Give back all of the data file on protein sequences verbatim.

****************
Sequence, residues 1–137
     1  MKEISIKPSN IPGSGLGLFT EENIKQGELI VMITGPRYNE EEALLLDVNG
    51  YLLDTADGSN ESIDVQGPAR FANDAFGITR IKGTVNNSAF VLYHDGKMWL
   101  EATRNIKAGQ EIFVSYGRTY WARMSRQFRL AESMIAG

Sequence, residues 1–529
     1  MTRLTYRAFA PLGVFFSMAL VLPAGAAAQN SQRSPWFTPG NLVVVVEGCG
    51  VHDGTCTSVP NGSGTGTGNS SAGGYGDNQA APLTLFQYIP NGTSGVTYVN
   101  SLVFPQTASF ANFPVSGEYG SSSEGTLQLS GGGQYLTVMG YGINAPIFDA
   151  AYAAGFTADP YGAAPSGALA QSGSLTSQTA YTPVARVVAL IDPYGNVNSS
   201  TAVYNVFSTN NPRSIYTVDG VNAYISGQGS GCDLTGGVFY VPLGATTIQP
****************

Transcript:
Sequence, residues 1–137
     1  MKEISIKPSN IPGSGLGLFT EENIKQGELI VMITGPRYNE EEALLLDVNG
    51  YLLDTADGSN ESIDVQGPAR FANDAFGITR IKGTVNNSAF VLYHDGKMWL
   101  EATRNIKAGQ EIFVSYGRTY WARMSRQFRL AESMIAG

Sequence, residues 1–529
     1  MTRLTYRAFA PLGVFFSMAL VLPAGAAAQN SQRSPWFTPG NLVVVVEGCG
    51  VHDGTCTSVP NGSGTGTGNS SAGGYGDNQA APLTLFQYIP NGTSGVTYVN
   101  SLVFPQTASF ANFPVSGEYG SSSEGTLQLS GGGQYLTVMG YGINAPIFDA
   151  AYAAGFTADP YGAAPSGALA QSGSLTSQTA YTPVARVVAL IDPYGNVNSS
   201  TAVYNVFSTN NPRSIYTVDG VNAYISGQGS GCDLTGGVFY VPLGATTIQP